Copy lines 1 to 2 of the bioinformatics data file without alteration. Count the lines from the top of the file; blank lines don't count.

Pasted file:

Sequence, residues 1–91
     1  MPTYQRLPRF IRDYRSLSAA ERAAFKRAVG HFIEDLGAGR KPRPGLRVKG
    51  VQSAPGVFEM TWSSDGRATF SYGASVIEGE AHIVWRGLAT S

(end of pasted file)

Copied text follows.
Sequence, residues 1–91
     1  MPTYQRLPRF IRDYRSLSAA ERAAFKRAVG HFIEDLGAGR KPRPGLRVKG